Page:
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When it Comes to Disclosure, New NY Gun Control Law is Shooting a Blank

BY Sam Roudman | Wednesday, January 16 2013

Last week, New York Governor Andrew Cuomo laid out an ambitious open government agenda in his state of the state address, declaring his commitment to provide "easy, single-stop access to statewide and agency-level data, reports, statistics, compilations and information." This week he carved out his first exemption: gun owners.

Responding to the Newtown massacre last month, New York passed one of the most stringent and wide reaching gun control laws in the country this week. While the NY SAFE Act of 2013 gives gun control advocates and opponents much to celebrate and sulk over respectively, it also serves a bitter pill to supporters of open government, providing registered gun owners with a mechanism to remain anonymous in the face of freedom of information requests.

"It's a clear step backwards on freedom of information law and public transparency," says John Kaehny, executive director of Reinvent Albany, and Co-Chair of the New York City Transparency Working Group.

The anonymity exemption, which requires gun owners to provide a reason they wish to remain out of the public record, is a response to the controversy that followed the Journal News' publication last month of the names and addresses of over 33 thousand hand gun permit holders in Rockland and Westchester counties, north of New York City.

Republican State Senate leader Dean Skelos told Bloomberg that the confidentiality protection helped wrangle Republicans to vote for the measure.

"This is part of the political sausage making process," says Kaehny.

According to him and other open government advocates, there are reasons to believe this sausage's recipe could use some fine-tuning.

"It sets a dangerous precedent," says Noel Hidalgo, Code for America's New York Program Manager, "where special interest groups can exempt their communities." If firearm owners can create an exemption from public disclosure, than why couldn't licensed livery car drivers, healthcare workers, sellers of pesticide or lawyers?

The problem section of the law seeks to address could also be handled more delicately.

"Some of the concern with the Journal News dataset is the fact that they put an individual's name and address with a gun," says Hidalgo. According to him, listing gun permit holders by name and zip code or census tract could better satisfy the competing demands the personal privacy and public disclosure, than simply exempting data from public record.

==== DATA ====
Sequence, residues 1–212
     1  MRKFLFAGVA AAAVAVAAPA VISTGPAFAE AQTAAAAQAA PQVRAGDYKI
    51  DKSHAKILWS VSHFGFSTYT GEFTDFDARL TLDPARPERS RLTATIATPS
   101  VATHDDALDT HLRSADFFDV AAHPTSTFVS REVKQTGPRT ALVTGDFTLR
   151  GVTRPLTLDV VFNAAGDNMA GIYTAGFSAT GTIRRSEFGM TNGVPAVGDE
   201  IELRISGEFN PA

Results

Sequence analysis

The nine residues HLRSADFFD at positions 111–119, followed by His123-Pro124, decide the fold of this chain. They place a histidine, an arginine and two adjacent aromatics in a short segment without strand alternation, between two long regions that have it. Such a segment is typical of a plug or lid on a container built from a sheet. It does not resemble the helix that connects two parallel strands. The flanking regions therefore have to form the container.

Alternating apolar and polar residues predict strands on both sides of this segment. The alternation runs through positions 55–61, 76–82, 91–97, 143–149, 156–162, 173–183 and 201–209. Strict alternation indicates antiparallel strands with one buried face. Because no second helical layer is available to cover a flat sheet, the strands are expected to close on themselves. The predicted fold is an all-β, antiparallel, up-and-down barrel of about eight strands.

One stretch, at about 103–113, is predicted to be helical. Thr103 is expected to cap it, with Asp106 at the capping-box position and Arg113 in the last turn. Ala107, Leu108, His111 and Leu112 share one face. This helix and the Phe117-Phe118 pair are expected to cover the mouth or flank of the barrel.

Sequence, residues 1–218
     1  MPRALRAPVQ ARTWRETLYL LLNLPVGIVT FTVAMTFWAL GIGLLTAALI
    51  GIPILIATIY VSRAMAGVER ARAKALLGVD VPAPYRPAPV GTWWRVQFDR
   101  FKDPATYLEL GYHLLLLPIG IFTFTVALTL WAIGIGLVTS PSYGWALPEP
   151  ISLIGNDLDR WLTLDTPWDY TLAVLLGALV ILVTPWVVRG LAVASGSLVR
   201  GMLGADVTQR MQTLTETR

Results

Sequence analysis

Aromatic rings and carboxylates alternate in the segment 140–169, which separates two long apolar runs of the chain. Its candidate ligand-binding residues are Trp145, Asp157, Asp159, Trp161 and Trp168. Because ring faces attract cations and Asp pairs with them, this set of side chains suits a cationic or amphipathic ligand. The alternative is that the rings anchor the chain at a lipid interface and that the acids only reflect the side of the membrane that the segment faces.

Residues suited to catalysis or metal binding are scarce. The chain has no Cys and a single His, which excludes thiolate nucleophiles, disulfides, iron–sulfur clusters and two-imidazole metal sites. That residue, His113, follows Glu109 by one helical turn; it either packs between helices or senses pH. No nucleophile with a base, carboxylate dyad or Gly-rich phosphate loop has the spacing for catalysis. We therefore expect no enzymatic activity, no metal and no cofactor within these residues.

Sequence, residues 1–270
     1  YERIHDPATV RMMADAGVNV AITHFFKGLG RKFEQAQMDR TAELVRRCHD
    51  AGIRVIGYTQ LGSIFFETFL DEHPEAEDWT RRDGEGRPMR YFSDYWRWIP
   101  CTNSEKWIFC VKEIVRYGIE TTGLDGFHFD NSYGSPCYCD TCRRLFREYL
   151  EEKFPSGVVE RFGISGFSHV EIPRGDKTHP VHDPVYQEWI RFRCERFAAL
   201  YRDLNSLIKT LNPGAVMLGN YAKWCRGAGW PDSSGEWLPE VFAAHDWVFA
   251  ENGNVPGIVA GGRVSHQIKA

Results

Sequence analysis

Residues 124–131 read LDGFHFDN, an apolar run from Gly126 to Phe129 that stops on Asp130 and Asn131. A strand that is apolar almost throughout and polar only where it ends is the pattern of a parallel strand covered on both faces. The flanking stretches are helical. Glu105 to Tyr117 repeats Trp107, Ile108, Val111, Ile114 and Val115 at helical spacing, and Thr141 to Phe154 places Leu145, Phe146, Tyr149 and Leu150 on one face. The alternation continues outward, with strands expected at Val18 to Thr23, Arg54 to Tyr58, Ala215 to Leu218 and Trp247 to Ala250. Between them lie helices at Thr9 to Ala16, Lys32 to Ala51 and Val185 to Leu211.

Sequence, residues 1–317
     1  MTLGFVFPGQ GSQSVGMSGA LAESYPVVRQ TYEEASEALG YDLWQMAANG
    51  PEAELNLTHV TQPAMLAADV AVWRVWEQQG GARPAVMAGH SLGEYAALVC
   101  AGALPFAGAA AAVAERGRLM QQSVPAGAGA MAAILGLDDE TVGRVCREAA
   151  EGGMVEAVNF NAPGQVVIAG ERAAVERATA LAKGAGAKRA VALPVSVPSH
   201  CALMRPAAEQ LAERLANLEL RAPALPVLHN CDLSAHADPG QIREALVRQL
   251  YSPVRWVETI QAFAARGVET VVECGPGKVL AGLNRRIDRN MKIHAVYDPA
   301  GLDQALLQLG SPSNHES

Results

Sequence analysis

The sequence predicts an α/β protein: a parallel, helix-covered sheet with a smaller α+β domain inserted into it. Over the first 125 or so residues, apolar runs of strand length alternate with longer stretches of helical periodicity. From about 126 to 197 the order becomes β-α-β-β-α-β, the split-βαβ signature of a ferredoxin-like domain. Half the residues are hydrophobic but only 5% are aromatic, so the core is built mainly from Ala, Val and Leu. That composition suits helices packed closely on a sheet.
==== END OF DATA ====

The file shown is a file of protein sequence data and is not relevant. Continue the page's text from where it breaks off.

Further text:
There are also problems with the reasons gun holders can give to qualify for the exemption.

"We don't know who will evaluate the reason," says Bob Freeman, Executive Director of New York State's Committee on Open Government, which according to its website, advises the public on "Freedom of Information, Open Meetings, and Personal Privacy Protection Laws."

The law provides two main reasons a gun owner can appeal to exempt themselves from public disclosure. The first is that they believe their life would be at risk if the information were disclosed. Reason one applies directly to police officers, former witnesses or jurors in criminal cases, their spouses and family, and also to those who fill in the blank with a separate reason.

The second rationale gun owners can appeal to in going off the public disclosure grid is that publication of their identifying information could make them subject to "unwarranted harassment."

"I just think it is exceedingly vague," says Freeman. "We're all involved in 'unwarranted harassment' every day of our lives," he continues, referring to his full e-mail box in the morning, and unsolicited calls from journalists as potential examples.

New York Attorney General Eric Schneiderman's office, which is in charge of "NYOpengovernment.com", had no comment.

Could this piece of the law scuttle Cuomo's open government agenda? Probably not.

"New York is so far forwards with regards to open data," says Hidalgo, and the piece of the law that allows gun owners to remain anonymous "is something that came out in the dark of the night."

Kaehny seconds him.

"Is this a step backward? Yes," says Kaehny. "Is this a profound step? No."

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